South Carolina Poll Shows Guiliani, Clinton with Early Lead

A recent survey of South Carolina voters conducted by Winthrop University indicates that national frontrunners Rudy Guiliani and Hillary Clinton are also leading in this key primary state.

With the S.C. Democratic presidential primary set for Jan. 29 next year, and the Republicans tentatively planning to hold their contest on Feb. 2, independents may end up being key to a primary victory for candidates in both parties. Scott Huffmon, director of both Winthrop’s research lab and The Winthrop Poll initiative, observed that with tight races where support is spread out among several candidates, a few independent voters, if they show up, can change the outcome.

A majority of South Carolinians, 54.6 percent, hold a favorable opinion of Giuliani, and his rating was even higher among Republicans. More than 3 out of 4 Republicans have a somewhat or very favorable opinion of Giuliani, the survey indicated.

“Giuliani seems to benefit from his prominence in the wake of the September 11th attacks,” said Huffmon. “As the primary season progresses, I think his favorability rating among Republicans might slip some as more Republicans become familiar with his stances on hot button issues such as abortion and gay rights.” …

Among Democrats, state residents regarded Clinton as somewhat or very favorable, 81.6 percent, followed by former N.C. Sen. John Edwards, 70.3 percent; and Illinois Sen. Barak Obama, 67.4 percent. When independents considered the Democratic candidates, Edwards had a commanding lead in favorability. “Getting this support to translate into primary votes will be difficult, but may be necessary if he hopes to catch Hillary Clinton,” Huffmon said.

He observed that Clinton can’t go much higher in name recognition and that her negatives are pretty well set, so Edwards and Obama need to convert those who responded “not familiar” to “favorable” in order to catch Clinton.

In the general population, 42.4 percent of S.C. residents regarded Clinton favorably, while 37.9 percent regarded her as very unfavorable.

“Some might find it surprising that more than 4 in 10 South Carolinians hold a favorable view of Hillary Clinton,” Huffmon said. “However, those who dislike her REALLY dislike her. Fully 81% of her unfavorable ratings were ‘Very Unfavorable.'”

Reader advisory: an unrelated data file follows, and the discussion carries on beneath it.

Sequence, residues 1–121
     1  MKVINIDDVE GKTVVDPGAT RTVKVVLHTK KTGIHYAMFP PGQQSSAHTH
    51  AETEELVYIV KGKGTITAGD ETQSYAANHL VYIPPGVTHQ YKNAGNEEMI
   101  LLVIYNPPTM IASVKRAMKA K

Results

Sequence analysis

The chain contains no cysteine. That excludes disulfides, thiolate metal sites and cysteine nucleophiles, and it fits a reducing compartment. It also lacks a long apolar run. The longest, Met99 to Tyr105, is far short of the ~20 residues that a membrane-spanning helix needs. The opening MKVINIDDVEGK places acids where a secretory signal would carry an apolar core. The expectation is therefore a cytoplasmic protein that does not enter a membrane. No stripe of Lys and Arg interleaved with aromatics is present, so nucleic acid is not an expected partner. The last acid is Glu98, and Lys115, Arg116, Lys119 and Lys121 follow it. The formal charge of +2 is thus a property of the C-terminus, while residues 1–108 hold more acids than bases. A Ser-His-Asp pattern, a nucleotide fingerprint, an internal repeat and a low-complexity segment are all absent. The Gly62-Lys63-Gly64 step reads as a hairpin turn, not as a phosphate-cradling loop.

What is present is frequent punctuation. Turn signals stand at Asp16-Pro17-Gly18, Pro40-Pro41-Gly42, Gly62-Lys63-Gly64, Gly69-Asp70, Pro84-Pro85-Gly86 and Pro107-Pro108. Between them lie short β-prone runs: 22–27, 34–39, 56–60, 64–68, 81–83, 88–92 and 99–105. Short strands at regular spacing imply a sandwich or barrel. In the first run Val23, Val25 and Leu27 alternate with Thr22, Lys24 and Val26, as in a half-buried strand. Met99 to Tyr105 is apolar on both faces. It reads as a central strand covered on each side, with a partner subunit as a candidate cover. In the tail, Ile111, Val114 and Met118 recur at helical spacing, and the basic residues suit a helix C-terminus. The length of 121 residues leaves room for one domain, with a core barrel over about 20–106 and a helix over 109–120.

The real story here may be that many voters have yet to pay attention to the campaign, despite its prominence among political junkies–40% of self-identified Republicans didn’t know who Mitt Romney was, while nearly 65% of Democrats didn’t know Dennis Kucinich. A wag might observe that these people are the lucky ones…

FILED UNDER: 2008 Election, LGBTQ Issues, Public Opinion Polls, , , , , , , , , , , , , , ,
Chris Lawrence
About Chris Lawrence
Chris teaches political science at Middle Georgia State University in Macon, Georgia. He has a Ph.D. in political science (with concentrations in American politics and political methodology) from the University of Mississippi. He began writing for OTB in June 2006. Follow him on Twitter @lordsutch.


  1. James Joyner says:

    A wag might observe that these people are the lucky ones…


  2. Anderson says:

    I just don’t think someone with a 5:3 vowel:consonant ratio in his name can be elected president. Particularly one whose name OTB’s editor consistently misspells.

    (To be bipartisan, “Obama” is an even higher 3:2 ratio — no chance.)

  3. Anderson,

    How can you face yourself in the mirror after spewing your vile vowelist garbage. Just because vowels are a minority in the alphabet doesn’t mean they should be despised.

    p.s. How do you count “Rudy”? 1:1, 3:1 or 2.5:1.5

  4. Anderson says:

    YAJ, your initials lend poignancy to your inquiry.

    But of course, I wasn’t myself judging the consonantally disadvantaged — merely recognizing the state of the American voting public.

    One day, may I live to see it (not to mention A, E, O, and U), Americans will be able to overcome their Anglo-American linguistic prejudices. But 2008 will not be that day.